Barrack Obama, Hilary Clinton and Donald Trump.
By Muniini K. Mulera
Dear Tingasiga: Donald J. Trump will not accept the results of next month’s US presidential elections unless he wins. His words, not mine.
With increasing evidence that he will lose the election on November 8, Trump has resorted to a familiar refrain favoured by anti-democrats. An election result is only acceptable if it validates one’s claim to power.
Uttered by Opposition candidates in many African countries, these words are usually justifiable given the incumbent rulers’ reticence to play by the rules, including ensuring a level playing field.
In countries where the electoral commissioners and the entire state machinery are part of the ruler’s re-election campaign team, the pseudo election is nearly always decided before the polls open.
However, Trump’s allegation of a rigged political and electoral system in the USA is false, albeit not surprising. It is just one more offering from his bag of gross exaggerations and outlandish claims.
He is probably fully aware that elections are managed by states, not by the federal government. Many of the states are controlled by the Republican Party.
He probably knows that there are enough checks and balances to ensure an outcome that reflects the will of the voters.
However, his campaign strategy has been to manipulate that segment of the electorate that has little interest in facts and analysis of American reality. The same crowd that believed Trump’s claims that President Barack Obama was not born in the United States will believe any other falsehood that the Republican nominee throws at them.
No doubt, errors have occurred in past US elections. However, extensive studies by American psephologists (people who study elections and political polls) have repeatedly shown that significant errors are very rare indeed.
Memories of the Florida saga of 2000, where spoiled ballots in the Bush-Gore contest may well have tilted the results in Bush’s favour, are very fresh in our minds. Trump is cleverly citing that episode to buttress his allegations that “the system is rigged folks!”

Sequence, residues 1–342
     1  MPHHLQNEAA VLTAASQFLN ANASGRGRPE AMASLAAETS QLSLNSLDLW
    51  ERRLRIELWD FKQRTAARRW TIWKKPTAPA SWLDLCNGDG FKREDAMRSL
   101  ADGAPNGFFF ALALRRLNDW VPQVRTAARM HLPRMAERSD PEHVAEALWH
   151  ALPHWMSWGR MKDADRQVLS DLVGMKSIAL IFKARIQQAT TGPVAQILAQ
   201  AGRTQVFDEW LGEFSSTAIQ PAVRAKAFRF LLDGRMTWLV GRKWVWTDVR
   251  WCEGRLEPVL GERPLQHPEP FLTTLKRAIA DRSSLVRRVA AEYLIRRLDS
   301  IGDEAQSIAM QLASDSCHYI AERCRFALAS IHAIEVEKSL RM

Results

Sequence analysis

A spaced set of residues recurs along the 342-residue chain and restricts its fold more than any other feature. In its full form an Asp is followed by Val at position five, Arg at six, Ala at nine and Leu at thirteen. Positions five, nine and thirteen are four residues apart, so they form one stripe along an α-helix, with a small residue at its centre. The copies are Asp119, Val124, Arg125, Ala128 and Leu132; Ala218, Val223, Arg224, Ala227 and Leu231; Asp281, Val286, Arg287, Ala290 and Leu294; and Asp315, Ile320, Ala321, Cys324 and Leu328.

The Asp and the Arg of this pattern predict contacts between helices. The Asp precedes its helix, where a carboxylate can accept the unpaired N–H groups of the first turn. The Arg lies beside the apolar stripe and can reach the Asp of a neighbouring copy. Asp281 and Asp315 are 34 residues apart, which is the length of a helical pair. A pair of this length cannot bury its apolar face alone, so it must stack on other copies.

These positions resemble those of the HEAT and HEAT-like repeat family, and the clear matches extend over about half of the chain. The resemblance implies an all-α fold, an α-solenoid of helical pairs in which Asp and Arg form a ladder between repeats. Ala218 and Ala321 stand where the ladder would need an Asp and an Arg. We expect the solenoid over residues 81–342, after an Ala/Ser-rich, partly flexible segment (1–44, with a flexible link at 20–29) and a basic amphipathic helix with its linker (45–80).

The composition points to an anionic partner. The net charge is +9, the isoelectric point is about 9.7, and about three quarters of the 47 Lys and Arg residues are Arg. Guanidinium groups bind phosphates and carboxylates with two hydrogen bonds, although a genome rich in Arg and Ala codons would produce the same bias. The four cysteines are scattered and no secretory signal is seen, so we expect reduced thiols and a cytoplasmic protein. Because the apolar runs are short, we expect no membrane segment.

In fact Florida was an anomaly, albeit one with very serious consequences for the United States. In its aftermath, corrective measures were taken to reduce the likelihood of recurrence of significant errors that could again alter the people’s will.
Of course Trump will not allow such facts to spoil his campaign of psychological manipulation. He has enough gullible voters cheering him on to continue the deception.
Trump’s claims will not affect the legitimacy of next month’s election. Whether or not he accepts the results, Hillary Rodham Clinton will be sworn in as president on January 20, 2017. America will continue, with its strong institutions humming along and its citizens pursuing their love of life, liberty and happiness.
Where Trump’s outlandish claims will hurt America will be in its role as the world’s example of democracy that works. American leaders are accustomed to dispensing advice to rogue regimes to democratise. Though rarely acted upon, American threats to withdraw development funding to overtly anti-democratic regimes in Africa, for example, often persuade the dictators to slightly moderate their handling of elections and opponents.
Trump’s claims that there is no democracy in America will be great news to the dictators, who will now counter any American statements about democracy with defiant retorts that the USA has no moral authority to lecture them. Trump has become the great friend of the African dictator.
The man who seeks the presidency of the United States has effectively undermined his own country’s standing in societies whose citizens desperately want to emulate the American way of choosing leaders.
Trump has given ammunition to Africa’s anti-democrats who dress up their antipathy to Western democracy with the all-encompassing phrase: “African solutions to African problems.”
This convenient declaration is used by those who believe that Western democracy does not work in Africa. Now they can argue that they do not wish to import a “defective, corrupt and rigged system” like the American one.
Not that it matters to Africa’s democratisation efforts who becomes president of the United States. Whether it is Clinton or Trump, America will continue to offer lip service to the democratisation process in Africa. The president of the United States is interested in serving and protecting American interests, not democracy and freedom in Africa. Hillary will support Africa’s dictators as long as they are prepared to serve American interests.
Notwithstanding his grandstanding about Africa’s dictators earlier on in his campaign, a President Trump would arm and fund the most repressive regimes in Africa if they served his country’s interests.
Which makes his false claims about American democracy particularly unfortunate for Africa. We can expect greater resistance by the ruling class to this “foreign system of governance.” Do not be surprised if, example, the Ugandan rulers and their cheerleaders begin to whisper about the virtues of the Chinese model of choosing the country’s rulers.
Trump will not be president of the United States. But his rhetoric may negatively impact American influence on the democratisation efforts of Africa and other societies.